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Age of Silence - bloodlines

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Chapter 2

Dark days became darker. The icy air shivered flesh deep to the bone. Students flocked to the gates heads down as they walked among the dead trees. Even though technological advancements had reached unparalleled altitude, for the most part humanity had been robbed of its fruits by the decaying economic structure and depletion of the earth’s raw materials. Cities were shattered by war and natural disasters. Buildings and structures were run down and rusty. Mari sprinted through Nalanda’s entrance, a school that was said to be progressive, but Mari felt wasn’t pioneering at all. The large old brick bunker styled buildings of the school was Surrounded by a rickety fence, and receding grassy field,. The ashen stone-walls reflected the dreary sky, she skipped upstairs into the main entryway, running down the dimly lit hallway toward opening session—useless career path stuff, when are we going to wake up and live life the way it’s meant to be lived?

I can’t get caught running. One more strike and I’ll be in detention after school again. She slowed her pace to a fast walk.

“Mari.” A sharp voice from behind stopped her cold.

She knew the voice well; it was Disa. The headmaster looked like a crooked lamppost in the dim light, her jaws jagged and her eyes piercing just like the sound of her voice. Mari had never met a person so cold, she wondered how such a person found themselves wanting to be around students.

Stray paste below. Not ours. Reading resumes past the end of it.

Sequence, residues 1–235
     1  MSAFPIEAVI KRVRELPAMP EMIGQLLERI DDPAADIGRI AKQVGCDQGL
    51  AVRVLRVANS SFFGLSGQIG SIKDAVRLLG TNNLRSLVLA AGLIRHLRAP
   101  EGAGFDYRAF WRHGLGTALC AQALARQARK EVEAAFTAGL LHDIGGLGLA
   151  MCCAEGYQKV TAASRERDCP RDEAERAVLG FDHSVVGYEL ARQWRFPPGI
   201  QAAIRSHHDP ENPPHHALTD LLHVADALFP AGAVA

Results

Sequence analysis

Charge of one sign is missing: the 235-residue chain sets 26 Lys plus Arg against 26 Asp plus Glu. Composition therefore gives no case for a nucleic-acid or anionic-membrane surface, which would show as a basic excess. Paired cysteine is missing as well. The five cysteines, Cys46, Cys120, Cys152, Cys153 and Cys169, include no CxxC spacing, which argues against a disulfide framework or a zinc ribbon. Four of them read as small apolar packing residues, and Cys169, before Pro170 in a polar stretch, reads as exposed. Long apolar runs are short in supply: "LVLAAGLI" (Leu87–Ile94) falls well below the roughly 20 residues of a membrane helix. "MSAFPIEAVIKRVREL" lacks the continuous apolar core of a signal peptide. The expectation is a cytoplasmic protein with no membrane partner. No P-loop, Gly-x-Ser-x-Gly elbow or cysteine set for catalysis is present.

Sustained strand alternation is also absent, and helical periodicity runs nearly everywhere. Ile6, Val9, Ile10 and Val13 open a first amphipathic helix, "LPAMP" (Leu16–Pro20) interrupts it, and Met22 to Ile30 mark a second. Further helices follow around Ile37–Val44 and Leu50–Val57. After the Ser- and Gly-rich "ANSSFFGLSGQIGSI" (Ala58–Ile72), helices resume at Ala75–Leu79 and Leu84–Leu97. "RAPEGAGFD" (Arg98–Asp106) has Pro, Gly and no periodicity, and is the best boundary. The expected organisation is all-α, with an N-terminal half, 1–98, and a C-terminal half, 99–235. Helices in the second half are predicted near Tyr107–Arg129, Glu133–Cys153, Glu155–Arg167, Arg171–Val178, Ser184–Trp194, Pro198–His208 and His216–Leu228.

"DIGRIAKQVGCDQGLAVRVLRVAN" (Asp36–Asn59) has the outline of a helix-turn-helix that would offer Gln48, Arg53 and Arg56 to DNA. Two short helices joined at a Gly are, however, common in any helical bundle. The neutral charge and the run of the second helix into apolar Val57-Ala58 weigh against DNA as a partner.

“Shit,” Mari mumbled to herself. That witch is such a hard ass. I hope she didn’t see me running.

“Come,” she beckoned. Mari shuffled over slowly with her head down.

“Late again?”

“Sorry, Disa.” There was no use explaining what had happened; Mari knew what was coming.

Disa’s stare pierced right through Mari. “You shall spend an extra hour after school today. This time I want you to write about how you think US President Baku can help fix the problems our world is facing.”

“Yes, ma’am.” Jesus what a waste of time, when are these people going to realize that these politicians are part of the problem, not solution.”

Disa pointed down the hall. “Get to class.”

Mari hurried down the empty hallway and the automatic door slid open as she approached. She walked into the room occupied by twenty students as Sidney, her teacher, made eye contact with her. The room was like many in the school. Gray walls tainted by rust. An attempt to breathe life into the rooms by placing barren plants in them illustrated the faded color in their world.